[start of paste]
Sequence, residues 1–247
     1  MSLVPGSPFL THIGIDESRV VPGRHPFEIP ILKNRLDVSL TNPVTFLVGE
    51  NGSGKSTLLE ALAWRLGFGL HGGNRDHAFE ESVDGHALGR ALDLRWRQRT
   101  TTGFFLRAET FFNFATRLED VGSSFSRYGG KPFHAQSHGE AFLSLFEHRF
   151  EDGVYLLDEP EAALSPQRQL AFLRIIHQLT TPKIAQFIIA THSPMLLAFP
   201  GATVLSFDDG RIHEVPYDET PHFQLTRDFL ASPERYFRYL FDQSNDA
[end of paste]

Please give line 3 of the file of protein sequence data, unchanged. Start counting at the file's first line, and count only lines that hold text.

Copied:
    51  NGSGKSTLLE ALAWRLGFGL HGGNRDHAFE ESVDGHALGR ALDLRWRQRT